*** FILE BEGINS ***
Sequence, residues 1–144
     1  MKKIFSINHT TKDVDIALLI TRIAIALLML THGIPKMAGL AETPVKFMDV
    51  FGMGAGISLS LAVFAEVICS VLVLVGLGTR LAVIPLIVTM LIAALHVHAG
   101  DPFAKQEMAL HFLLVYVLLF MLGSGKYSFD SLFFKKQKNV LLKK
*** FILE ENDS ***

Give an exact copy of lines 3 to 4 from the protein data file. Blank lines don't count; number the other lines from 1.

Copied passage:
    51  FGMGAGISLS LAVFAEVICS VLVLVGLGTR LAVIPLIVTM LIAALHVHAG
   101  DPFAKQEMAL HFLLVYVLLF MLGSGKYSFD SLFFKKQKNV LLKK